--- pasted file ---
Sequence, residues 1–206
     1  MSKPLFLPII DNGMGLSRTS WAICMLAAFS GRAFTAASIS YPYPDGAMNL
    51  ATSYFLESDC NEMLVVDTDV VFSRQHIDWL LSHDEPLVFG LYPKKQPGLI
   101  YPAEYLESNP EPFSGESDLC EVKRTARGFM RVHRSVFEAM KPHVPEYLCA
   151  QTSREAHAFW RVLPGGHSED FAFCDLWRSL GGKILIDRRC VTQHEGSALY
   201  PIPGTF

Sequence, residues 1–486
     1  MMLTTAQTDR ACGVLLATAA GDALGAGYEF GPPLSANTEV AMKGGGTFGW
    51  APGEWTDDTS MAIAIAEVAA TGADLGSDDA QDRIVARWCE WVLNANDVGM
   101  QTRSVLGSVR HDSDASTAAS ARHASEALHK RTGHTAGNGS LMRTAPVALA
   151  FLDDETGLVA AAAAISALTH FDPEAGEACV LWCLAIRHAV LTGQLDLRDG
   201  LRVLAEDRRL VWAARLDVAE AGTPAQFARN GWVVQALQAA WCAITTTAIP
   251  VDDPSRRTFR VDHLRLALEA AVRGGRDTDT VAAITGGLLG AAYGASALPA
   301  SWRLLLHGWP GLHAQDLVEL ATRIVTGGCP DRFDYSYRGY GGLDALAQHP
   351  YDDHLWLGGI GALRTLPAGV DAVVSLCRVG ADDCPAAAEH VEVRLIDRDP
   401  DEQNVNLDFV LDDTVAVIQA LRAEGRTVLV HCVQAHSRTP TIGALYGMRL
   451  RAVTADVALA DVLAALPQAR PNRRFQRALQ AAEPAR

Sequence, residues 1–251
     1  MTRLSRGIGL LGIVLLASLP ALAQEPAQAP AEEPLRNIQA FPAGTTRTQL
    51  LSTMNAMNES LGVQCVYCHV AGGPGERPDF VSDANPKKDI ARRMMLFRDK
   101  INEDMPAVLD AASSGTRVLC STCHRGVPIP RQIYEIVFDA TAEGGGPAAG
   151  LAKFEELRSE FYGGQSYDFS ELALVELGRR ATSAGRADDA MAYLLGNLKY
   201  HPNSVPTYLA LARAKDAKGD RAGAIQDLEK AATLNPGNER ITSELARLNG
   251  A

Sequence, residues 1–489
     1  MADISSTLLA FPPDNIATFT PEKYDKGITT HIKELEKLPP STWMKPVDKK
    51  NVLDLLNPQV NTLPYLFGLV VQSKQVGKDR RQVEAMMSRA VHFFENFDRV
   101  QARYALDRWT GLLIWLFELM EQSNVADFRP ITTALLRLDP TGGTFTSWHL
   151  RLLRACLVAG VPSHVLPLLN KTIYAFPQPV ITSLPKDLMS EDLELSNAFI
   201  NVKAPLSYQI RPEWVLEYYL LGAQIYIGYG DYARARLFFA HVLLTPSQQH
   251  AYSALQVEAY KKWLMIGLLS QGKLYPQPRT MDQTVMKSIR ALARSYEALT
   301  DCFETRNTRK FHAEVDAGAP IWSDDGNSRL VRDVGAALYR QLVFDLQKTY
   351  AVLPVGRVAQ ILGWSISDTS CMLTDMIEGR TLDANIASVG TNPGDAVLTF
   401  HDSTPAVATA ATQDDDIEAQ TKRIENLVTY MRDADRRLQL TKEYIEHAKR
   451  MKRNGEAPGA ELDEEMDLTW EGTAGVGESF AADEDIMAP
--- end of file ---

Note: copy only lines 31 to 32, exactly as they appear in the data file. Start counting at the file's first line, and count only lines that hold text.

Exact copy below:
   251  AYSALQVEAY KKWLMIGLLS QGKLYPQPRT MDQTVMKSIR ALARSYEALT
   301  DCFETRNTRK FHAEVDAGAP IWSDDGNSRL VRDVGAALYR QLVFDLQKTY